Garden Techniques for Limited Space
Espalier techniques are employed to train a fruit tree to grow a certain way, typically in a 2-dimensional form that takes up a small amount of space. When training fruit trees in the espalier form one should allow for a main leader to grow vertically and secure shoots and branches in place against a wall or lattice in the desired shape and form. When shoots grow in undesired directions or undesired locations, they should be pruned off. For more information on pruning in the espalier technique see page 10 of Pruning the Orchard from Utah State University Extension.
Trellising is an excellent way to add more to your garden without expanding on limited space because it allows the plants to grow vertically. There are many garden plants that can be grown using trellising like cucumbers, pole beans, peas, melons, gourds, squash, pumpkins, indeterminate tomatoes, grapes,and various small fruits like blackberries and raspberries. Trellises can be made out of many different types of material and can take on many different shapes and sizes. Arbors, fencing panels, and poles are used here. Trellises can also provide shade for cooler weather garden plants, can provide more air flow for the plants, and can even help to decrease insect pests and disease.
Companion planting has been used for generations with the idea that certain plants can help provided benefits for each other when grown together. Companion planting can take on different forms and can bring different benefits to each plant including nutrient replenishment, disease and pest control, and structure. For example, when legumes such as peas are grown near vegetables like tomatoes the legume fixes nitrogen into the soil which can reduce needed fertilizer. When nasturtium is planted with summer squash the nasturtium can help mask the summer squash from squash bugs. Sunflowers can provide a living trellis structure for plants like beans or small pumpkins. Companion planting also provides diversity in the garden habitat which attracts beneficial insects.
Crop rotation is an important practice in reducing pest and disease and promoting soil health. If certain plants were to grow in the same spot every year the soil would become depleted of the nutrients needed by that specific plant. When crop rotation is used, different soil nutrients are used or replaced during each rotation which enhances the ability of the soil to continue to support crops. Legume plants, like peas, have the ability to replace nitrogen back into the soil and are often planted after plants that take up a large amount of nitrogen.Succession planting is also used as a form of crop rotation here in the garden. Not all plants grow well all at the same time. Some plants grow well in the spring and others in the late summer and early fall. Succussion planting is used to get the most food out of one season by planting early crops, harvesting them, and then planting crops that grow well later in the season in their place. For further information on crop rotation and succession planting see this USU Extension Video and search the USU extension website.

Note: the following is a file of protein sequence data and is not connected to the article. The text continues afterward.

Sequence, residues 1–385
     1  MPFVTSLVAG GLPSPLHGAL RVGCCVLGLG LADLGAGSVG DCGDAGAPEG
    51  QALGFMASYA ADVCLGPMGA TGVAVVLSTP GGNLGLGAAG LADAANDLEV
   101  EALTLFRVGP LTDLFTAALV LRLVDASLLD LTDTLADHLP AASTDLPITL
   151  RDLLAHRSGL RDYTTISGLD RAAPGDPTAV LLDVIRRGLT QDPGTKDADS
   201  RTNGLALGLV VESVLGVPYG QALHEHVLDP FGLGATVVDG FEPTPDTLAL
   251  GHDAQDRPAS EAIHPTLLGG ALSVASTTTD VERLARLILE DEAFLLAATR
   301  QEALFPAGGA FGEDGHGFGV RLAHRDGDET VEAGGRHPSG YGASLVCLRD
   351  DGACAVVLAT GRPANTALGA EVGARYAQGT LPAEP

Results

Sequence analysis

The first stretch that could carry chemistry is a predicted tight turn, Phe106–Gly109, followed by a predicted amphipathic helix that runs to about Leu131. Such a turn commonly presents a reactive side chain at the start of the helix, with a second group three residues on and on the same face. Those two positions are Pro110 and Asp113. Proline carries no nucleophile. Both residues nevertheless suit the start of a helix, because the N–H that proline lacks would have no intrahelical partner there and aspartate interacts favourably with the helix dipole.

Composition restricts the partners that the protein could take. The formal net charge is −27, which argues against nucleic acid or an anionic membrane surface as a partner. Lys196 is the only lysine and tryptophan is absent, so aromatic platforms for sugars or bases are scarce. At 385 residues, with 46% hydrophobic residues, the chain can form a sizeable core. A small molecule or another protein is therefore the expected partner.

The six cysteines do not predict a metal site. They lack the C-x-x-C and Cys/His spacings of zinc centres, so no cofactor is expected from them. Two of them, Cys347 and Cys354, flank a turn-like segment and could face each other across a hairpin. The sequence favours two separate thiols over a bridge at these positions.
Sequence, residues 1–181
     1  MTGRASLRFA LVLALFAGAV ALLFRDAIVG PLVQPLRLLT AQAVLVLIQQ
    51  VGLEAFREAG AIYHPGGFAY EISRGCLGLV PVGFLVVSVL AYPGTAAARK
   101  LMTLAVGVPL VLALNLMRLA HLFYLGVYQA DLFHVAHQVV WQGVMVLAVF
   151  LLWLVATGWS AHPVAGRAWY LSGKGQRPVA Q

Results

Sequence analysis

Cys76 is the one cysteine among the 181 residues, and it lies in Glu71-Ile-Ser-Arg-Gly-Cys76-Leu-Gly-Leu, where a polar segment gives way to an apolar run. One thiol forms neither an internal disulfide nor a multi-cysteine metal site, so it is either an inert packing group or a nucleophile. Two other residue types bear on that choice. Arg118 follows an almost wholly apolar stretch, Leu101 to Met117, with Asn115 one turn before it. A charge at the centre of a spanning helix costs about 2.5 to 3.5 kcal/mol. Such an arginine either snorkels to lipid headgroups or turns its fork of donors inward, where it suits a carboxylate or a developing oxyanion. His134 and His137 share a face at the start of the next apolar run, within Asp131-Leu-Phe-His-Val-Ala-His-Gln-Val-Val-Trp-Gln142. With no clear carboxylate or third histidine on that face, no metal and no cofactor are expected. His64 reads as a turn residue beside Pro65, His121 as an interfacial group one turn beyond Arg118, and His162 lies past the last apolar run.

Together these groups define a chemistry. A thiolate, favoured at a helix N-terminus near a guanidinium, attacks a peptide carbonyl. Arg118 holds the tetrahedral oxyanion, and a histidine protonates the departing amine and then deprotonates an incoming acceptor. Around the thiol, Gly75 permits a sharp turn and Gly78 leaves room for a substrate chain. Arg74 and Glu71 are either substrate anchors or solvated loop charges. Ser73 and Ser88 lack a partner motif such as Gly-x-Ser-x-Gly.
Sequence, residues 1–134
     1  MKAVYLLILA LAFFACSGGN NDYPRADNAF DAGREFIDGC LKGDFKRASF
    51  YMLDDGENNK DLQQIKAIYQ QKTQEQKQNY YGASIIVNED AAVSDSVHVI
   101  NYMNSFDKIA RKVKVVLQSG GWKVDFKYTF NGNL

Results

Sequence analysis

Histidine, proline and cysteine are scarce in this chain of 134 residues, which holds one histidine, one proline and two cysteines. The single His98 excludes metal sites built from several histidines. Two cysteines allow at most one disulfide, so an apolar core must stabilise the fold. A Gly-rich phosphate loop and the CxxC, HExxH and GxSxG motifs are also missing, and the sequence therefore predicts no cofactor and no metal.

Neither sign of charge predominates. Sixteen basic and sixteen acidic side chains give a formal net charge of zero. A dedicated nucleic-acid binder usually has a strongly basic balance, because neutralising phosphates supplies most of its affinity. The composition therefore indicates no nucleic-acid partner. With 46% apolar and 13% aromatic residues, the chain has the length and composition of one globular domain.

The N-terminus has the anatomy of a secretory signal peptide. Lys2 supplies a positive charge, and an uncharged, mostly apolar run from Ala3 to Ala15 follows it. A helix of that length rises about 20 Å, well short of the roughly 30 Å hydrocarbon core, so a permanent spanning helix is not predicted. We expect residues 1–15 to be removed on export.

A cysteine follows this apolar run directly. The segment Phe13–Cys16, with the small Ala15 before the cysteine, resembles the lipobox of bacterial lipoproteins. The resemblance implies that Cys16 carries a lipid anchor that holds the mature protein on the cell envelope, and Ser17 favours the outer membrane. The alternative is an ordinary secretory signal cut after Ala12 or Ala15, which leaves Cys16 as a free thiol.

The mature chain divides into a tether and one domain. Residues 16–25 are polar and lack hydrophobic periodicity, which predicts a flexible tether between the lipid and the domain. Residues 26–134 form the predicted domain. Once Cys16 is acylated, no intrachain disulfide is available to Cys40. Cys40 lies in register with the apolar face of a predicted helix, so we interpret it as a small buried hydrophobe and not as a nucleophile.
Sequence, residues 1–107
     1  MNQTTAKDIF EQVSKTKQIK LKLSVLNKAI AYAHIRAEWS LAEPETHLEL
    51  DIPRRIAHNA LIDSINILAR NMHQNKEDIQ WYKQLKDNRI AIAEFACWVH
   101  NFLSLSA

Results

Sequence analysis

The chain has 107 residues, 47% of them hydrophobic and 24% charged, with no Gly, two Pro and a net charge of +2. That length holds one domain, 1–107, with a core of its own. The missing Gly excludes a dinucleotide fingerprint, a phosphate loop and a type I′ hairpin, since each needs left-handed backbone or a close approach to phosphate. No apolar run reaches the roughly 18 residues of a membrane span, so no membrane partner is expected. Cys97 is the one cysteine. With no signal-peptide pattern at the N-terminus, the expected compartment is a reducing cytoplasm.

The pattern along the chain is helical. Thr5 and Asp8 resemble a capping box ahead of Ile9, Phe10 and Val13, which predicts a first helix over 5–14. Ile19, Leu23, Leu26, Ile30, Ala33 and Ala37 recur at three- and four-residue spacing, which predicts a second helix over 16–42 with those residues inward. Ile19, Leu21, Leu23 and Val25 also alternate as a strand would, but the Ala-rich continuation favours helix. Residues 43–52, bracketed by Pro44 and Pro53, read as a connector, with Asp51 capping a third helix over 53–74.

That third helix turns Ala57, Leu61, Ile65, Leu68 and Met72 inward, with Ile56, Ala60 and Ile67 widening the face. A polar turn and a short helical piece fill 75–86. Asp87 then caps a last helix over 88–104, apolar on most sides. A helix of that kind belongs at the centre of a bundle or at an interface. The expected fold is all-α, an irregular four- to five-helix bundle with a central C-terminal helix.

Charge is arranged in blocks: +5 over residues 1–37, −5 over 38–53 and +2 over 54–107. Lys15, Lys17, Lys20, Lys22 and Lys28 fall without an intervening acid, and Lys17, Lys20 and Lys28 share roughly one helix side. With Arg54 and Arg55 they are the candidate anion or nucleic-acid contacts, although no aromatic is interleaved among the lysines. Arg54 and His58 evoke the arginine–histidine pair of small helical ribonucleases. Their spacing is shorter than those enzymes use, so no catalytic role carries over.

Raised bed gardening
Raised bed gardening has many benefits. Raised beds make it easier to amend soils (making soil suitable for growing your desired plants) which can be difficult or impossible in some poor soil landscapes. Raised beds can also grow more plants in less space, especially when used with trellising, and are easier to care for as they reduce the need for constantly bending over and kneeling down. There are many types of raised bed gardening and things to keep in mind when planning them. For this information see USU Extension Raised Bed Gardening.
Charbonneau, J. (2017, April 5). Vertical Gardening: The Beginners Guide to Trellising Plants. Retrieved from Southern Exposure Seed Exchange: https://blog.southernexposure.com/2017/04/vertical-gardening-the-beginners-guide-to-trellising-plants/
Heflebower, R., Wagner, K., Gunnell, J., & Condrat, J. (2021). Raised Bed Gardening. Retrieved from Utah State University Extension Yard and Garden: https://extension.usu.edu/yardandgarden/research/raised-bed-gardening
Murray, M. (2015). Companion Planting. Utah State University Extension Vegetable IPM Advisory, 1-2.
Utah State University Extension. (2021, April 29). Crop Rotation in the Home Garden. Retrieved from https://www.youtube.com/watch?v=J61tjOLTwZM
Wagner, K., & Olsen, S. e. (2014). A Guide to Common Organic Gardening Questions. Logan, UT: USU Extension.
Walliser, J. (2020). Plant Partners: Science-Based Companion Planting Strategies for the Vegetable Garden. North Adams, MA: Storey Publishing.
Walser, R. H., Wright, W. A., Hamson, A. R., Drost, D., & Hatch, T. (1994). Pruning the Orchard. Utah State University Extension, electronic publishing, 10-11. Retrieved from Utah State University: https://digitalcommons.usu.edu/cgi/viewcontent.cgi?article=1724&context=extension_histall
Tiana Miller and Helen Muntz